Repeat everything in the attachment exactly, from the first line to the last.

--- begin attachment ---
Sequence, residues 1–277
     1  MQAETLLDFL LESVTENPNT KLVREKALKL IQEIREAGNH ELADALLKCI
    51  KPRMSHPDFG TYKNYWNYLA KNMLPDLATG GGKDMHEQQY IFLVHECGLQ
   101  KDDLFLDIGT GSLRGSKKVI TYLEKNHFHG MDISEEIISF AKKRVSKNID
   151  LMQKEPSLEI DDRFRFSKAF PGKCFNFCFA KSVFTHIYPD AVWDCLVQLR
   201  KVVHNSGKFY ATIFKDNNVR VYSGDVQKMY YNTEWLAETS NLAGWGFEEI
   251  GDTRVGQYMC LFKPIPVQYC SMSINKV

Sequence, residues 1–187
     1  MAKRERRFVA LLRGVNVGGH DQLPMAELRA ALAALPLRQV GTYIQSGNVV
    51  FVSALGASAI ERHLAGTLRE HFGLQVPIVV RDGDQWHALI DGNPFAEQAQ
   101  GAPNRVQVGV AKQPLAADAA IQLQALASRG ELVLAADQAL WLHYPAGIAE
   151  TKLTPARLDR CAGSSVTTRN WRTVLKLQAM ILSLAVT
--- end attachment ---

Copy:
Sequence, residues 1–277
     1  MQAETLLDFL LESVTENPNT KLVREKALKL IQEIREAGNH ELADALLKCI
    51  KPRMSHPDFG TYKNYWNYLA KNMLPDLATG GGKDMHEQQY IFLVHECGLQ
   101  KDDLFLDIGT GSLRGSKKVI TYLEKNHFHG MDISEEIISF AKKRVSKNID
   151  LMQKEPSLEI DDRFRFSKAF PGKCFNFCFA KSVFTHIYPD AVWDCLVQLR
   201  KVVHNSGKFY ATIFKDNNVR VYSGDVQKMY YNTEWLAETS NLAGWGFEEI
   251  GDTRVGQYMC LFKPIPVQYC SMSINKV

Sequence, residues 1–187
     1  MAKRERRFVA LLRGVNVGGH DQLPMAELRA ALAALPLRQV GTYIQSGNVV
    51  FVSALGASAI ERHLAGTLRE HFGLQVPIVV RDGDQWHALI DGNPFAEQAQ
   101  GAPNRVQVGV AKQPLAADAA IQLQALASRG ELVLAADQAL WLHYPAGIAE
   151  TKLTPARLDR CAGSSVTTRN WRTVLKLQAM ILSLAVT